Friday, November 30, 2012

Maryland Weekly Fishing Report Overview | November 28, 2012


By: Keith Lockwood

As each week gets progressively colder more and more fishermen are beginning to haul boats and fishing gear is starting to become buried in the garage. This fact really struck home when I was crossing the Bay Bridge at 7am on Monday morning and observed a couple acres of breaking fish and diving birds and not a boat to be seen. There is still plenty of good striped bass fishing to be had; especially for the large fall migrant fish. Coldwater species such as trout, walleye, smallmouth and largemouth bass are still active as are chain pickerel and channel catfish.
Fisherman in the upper reaches of the Chesapeake have been jigging close to the bottom along channel edges for striped bass and in the lower Susquehanna fishermen are also catch big largemouth bass, smallmouth bass and walleye. Soft plastic jigs, grub jigs and blade lures can be very effective when worked slowly along channel edges. Matthew McShane shows off a beautiful 25", 6lb walleye he caught recently in the lower Susquehanna on a swimbait.

Photo courtesy of Matthew McShane
In the upper bay region and around the Bay Bridge piers, rock piles and steep channel edges fishermen are jigging deep for a mix of large white perch and striped bass. Surface water temperatures in most areas of the Maryland portion of the Chesapeake are running about 48-degrees on the surface and as warm as 65-degrees on the bottom. Deep is where most fishermen are finding the best fishing whether they are jigging or trolling. Those trolling are using inline weights to get down in the water column and using umbrella rigs with bucktails or swim shads as trailers. Fishermen are running medium sized lures and larger ones such as parachutes in their trolling spreads in the hope of coming across some of the large fall migrant striped bass that have moved up the bay. The large parachutes, bucktails and swim shads are often run in tandem. Mark Cullum was trolling a tandem rig when he caught this whopper of a striped bass that measured 50" and weighed 44lbs. near the Bay Bridge recently.

Photo courtesy of Mark Cullum
In the middle bay region much of the focus by fishermen has been on trolling along the edges of the shipping channel for large fall migrant striped bass. This is a good time of the year to be out of the wind and in a warm cabin and trolling is the most effective method for catching these large striped bass that are paying us a visit. Most everyone is trolling an array of medium sized offerings for striped bass less than 28" and of course the big stuff for the larger fish. Most fishermen are describing the success on large fish as a slow pick but most all would agree it only takes one of these large fish to make anyone's day.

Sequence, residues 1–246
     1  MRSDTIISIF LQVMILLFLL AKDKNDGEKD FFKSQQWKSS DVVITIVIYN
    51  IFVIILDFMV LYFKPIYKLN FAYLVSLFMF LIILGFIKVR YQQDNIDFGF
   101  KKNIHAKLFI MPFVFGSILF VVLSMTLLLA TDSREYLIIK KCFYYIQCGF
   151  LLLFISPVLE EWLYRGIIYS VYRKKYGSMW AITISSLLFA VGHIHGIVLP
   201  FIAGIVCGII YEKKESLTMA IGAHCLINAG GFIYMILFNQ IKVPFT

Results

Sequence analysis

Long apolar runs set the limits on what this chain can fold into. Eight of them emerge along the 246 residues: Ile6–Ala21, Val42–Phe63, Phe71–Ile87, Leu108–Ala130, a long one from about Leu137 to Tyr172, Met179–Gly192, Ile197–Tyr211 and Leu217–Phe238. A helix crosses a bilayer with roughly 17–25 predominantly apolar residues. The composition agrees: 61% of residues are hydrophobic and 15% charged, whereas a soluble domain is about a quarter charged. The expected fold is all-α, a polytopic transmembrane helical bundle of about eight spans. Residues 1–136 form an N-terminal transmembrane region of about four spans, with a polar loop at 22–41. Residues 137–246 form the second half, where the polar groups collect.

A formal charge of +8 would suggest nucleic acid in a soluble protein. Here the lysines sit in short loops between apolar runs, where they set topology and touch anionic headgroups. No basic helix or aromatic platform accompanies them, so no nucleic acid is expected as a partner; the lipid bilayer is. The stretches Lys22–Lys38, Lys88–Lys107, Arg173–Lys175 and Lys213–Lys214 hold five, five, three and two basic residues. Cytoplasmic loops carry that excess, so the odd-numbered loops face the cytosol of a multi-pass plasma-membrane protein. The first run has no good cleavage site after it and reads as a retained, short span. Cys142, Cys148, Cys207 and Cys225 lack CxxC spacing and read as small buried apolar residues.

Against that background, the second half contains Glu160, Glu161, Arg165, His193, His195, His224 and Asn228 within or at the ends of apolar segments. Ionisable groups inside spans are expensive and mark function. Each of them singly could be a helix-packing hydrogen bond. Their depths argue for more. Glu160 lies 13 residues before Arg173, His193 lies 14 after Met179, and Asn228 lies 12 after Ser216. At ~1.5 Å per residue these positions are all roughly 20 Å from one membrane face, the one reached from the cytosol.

Lower bay region fishermen are also focusing on trolling fro the large fall migrant striped bass and traditional locations along the western edge of the shipping channel as well as buoy 72 and the HS Buoy on the eastern side of the bay are producing some nice fish. There has also been some exciting action up the Potomac River near St. Clements Island and as far up as the Route 301 Bridge. The steep channel edges near St. Clements island are producing some large striped bass for those boats that are trolling and fishermen have been having good success for striped bass under 28" by trolling and jigging.
Freshwater fishermen are enjoying some good fishing opportunities in the western region of the state for a mix of species. Drew Miller sent in an angler's log on a Deep Creek Lake fishing trip where he caught a nice mix of bass and pike. Walleye are active in Deep Creek Lake and also the upper Potomac. John Mullican sent us this report from the upper Potomac. The upper Potomac is low and crystal clear with temperatures in the low 40s. Bass fishing has been tough while action for cool-water species like walleye and muskie has been better. With the low and clear conditions most fish are concentrated in deeper stretches of the river. Early, late, and cloudy days have been more productive.
Trout fishermen are still enjoying the rewards of the October trout stockings in many of the trout management waters. Alan Klotz forwarded some beautiful pictures of brook trout in their spawning colors from the Savage River Watershed. Be sure to check out Alan's November 26th entry to see the rest of the pictures.

Photo courtesy of Drew Miller
Fishermen are reporting that crappie are schooling up in deep water near bridge piers at reservoirs such as Liberty and tidal rivers like the Potomac. In the Potomac the crappie often like to school up around docks in Marinas and can be caught on small tubes, jigs and live minnows under a bobber.
Ocean City fishermen surf fishermen are still experiencing difficulties with beach structure when it comes to surf fishing. They are reporting catching puppy drum in the troughs close to shore and are picking away at striped bass in cuts through the outside bars. Fresh menhaden baits are a favorite choice for striped bass fishing and of course dogfish and skates love those baits also. Maryland's tautog season closed yesterday so unfortunately they will be off limits to recreational fishermen for a while. Perhaps the most exciting fishing at the moment in Ocean City is trolling for the large striped bass that are moving southward along our coast. Matt Lewis admires a nice striped bass he caught while fishing with his dad at Fenwick Shoals.

Photo courtesy of Matt Lewis
Most fishermen are trolling but jigging and drifting live eels can also be effective ways to catch these fish that are moving down the coast. Fishermen are also reporting encountering large bluefish that are also moving through the region.


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